5th January 2017
Boosting Digital Assessment
Andy Sonden looks at how improving assessment can only be a good thing
GDS recently posted a blog about how they were revising how digital service assurance was carried out (Building better assessments for digital services). The news comes just a short sprint after the unveiling of the Digital Service Standard and is the result of a Discovery process that started way back in June. Is it a good thing and what does it mean for digital services assessment?
Greater ongoing interaction
The key recommendation for change is that there should be much greater interaction between assessors and delivery teams throughout the development of a new service. This makes a lot of sense and the GDS team will have found that many service owners are still uncertain about how to meet the service standard.
Recognising specific contexts
It’s in everyone’s interests for new digital services to pass their assessments. Getting to the end of the process before finding issues is costly and time-consuming. Whilst Civica has become something of an expert in ensuring that solutions meet the criteria, it has become clear that a one-size-fits-all approach isn’t ideal. Some digital services have been failed, not because they were fundamentally bad, just because their specific context meant that they fell outside the neatly-defined scoring brackets.
As a supplier, we certainly recognise the shortcomings that GDS is trying to resolve. For example, one service we built failed its Alpha assessment because assessors didn’t recognise the contextual difference between a public user base and one made up of industry professionals. Any proposed solution which gives support to service and product owners still uncertain about how best to engage with end-users or define relevant and meaningful KPIs is a good thing.
A risk of bureaucracy?
Some of the language used in the GDS blog does raise some questions. Talk of assessors having “access to the whole team” and helping “the team to identify… any areas they need to focus on” suggests the introduction of the kind of bureaucracy that GDS and the Agile approach desperately fought to free teams from.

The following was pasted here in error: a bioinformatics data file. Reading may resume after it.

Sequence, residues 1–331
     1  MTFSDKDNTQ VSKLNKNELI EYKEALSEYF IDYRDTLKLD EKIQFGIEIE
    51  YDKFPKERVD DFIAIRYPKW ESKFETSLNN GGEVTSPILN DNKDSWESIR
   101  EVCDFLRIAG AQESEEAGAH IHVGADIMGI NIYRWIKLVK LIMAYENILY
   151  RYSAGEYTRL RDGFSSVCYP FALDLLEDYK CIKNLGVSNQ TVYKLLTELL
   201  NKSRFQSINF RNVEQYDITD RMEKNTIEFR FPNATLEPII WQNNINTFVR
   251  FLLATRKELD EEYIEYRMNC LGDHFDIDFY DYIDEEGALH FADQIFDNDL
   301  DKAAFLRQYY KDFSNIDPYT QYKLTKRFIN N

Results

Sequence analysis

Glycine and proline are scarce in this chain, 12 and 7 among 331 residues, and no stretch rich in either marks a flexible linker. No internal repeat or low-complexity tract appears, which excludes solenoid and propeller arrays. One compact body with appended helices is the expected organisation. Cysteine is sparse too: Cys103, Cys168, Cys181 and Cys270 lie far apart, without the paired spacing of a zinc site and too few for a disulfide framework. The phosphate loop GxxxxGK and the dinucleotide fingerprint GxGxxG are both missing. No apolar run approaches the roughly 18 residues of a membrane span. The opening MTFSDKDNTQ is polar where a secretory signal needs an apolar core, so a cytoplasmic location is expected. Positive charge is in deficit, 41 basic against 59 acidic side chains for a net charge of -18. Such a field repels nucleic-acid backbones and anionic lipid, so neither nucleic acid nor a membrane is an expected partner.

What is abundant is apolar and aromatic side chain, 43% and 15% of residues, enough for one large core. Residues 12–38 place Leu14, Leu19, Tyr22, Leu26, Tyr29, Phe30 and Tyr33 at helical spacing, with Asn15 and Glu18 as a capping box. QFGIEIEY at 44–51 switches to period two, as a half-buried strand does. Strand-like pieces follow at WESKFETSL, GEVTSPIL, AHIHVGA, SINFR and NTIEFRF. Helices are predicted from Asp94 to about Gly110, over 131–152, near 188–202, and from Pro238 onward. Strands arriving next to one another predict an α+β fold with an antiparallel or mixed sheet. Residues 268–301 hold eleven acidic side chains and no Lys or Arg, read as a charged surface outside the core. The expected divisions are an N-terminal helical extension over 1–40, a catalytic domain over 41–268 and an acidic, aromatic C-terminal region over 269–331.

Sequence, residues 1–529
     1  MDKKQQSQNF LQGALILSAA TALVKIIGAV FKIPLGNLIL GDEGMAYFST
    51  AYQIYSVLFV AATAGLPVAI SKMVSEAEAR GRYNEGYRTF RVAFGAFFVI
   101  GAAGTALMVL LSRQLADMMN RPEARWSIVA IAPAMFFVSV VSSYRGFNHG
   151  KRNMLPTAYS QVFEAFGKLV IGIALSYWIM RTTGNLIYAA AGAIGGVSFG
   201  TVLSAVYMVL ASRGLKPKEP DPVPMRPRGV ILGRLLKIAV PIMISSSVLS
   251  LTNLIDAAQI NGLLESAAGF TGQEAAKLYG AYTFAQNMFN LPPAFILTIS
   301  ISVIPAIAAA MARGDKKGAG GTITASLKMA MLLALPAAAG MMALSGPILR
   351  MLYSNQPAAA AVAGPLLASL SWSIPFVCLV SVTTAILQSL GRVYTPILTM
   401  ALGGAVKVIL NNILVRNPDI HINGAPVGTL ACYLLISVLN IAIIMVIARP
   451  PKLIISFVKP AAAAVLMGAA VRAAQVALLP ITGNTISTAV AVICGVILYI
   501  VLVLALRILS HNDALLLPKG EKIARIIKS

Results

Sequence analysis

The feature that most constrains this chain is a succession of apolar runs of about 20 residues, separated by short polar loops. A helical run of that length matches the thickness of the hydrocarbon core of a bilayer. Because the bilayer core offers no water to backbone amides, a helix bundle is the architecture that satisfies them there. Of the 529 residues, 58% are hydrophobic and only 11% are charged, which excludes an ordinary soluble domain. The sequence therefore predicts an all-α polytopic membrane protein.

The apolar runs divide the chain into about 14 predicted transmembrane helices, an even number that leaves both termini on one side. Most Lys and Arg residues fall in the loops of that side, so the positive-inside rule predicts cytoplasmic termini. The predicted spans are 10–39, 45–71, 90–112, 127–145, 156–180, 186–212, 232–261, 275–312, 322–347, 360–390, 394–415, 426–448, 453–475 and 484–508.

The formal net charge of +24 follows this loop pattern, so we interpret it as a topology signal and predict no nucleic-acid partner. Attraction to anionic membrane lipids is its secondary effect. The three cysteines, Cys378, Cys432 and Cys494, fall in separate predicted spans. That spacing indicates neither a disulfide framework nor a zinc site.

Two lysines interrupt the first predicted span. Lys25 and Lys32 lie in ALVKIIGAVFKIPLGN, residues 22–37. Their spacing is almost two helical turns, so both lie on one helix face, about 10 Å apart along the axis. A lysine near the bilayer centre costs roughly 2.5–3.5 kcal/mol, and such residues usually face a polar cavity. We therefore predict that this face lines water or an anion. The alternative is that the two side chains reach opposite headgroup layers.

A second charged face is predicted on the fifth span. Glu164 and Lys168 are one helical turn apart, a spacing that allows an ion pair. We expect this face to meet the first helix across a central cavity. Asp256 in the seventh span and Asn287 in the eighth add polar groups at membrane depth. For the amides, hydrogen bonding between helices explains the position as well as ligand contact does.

This may not be the intention but, at its worst, this can lead to a situation where assessors effectively supersede the Product Owner. Rather than setting standards to meet, supporting good practice and ensuring key metrics are hit, it risks dictating how services should be designed and built. Ultimately, this could lead to a situation where digital services are designed to meet ‘the rules’ rather than the needs of users in their specific context.
The focus for digital services assessment
GDS should continue to empower teams across government to do great work. Service assessors and technical specialists need to remain committed to supporting and not dictating service design. Assessments themselves should be focused on ensuring that services are right for users rather than simply checking the right boxes. With these principles in place, the quality of services will continue to increase and the costs of delivering them will fall. As a taxpayer, as well as a supplier, that can only be a good thing.
Andy Sonden, Consultant, Central Government
Andy joined Civica in 2012 and is now a Senior Pre Sales Consultant in Civica Digital. He and his team support the end-to-end sales process, working with subject experts to design new solutions for new and existing clients before bringing ideas to life. A passionate advocate of digital government, Andy was instrumental in introducing agile to the business unit and has worked with numerous government bodies, transforming the way they process and manage information.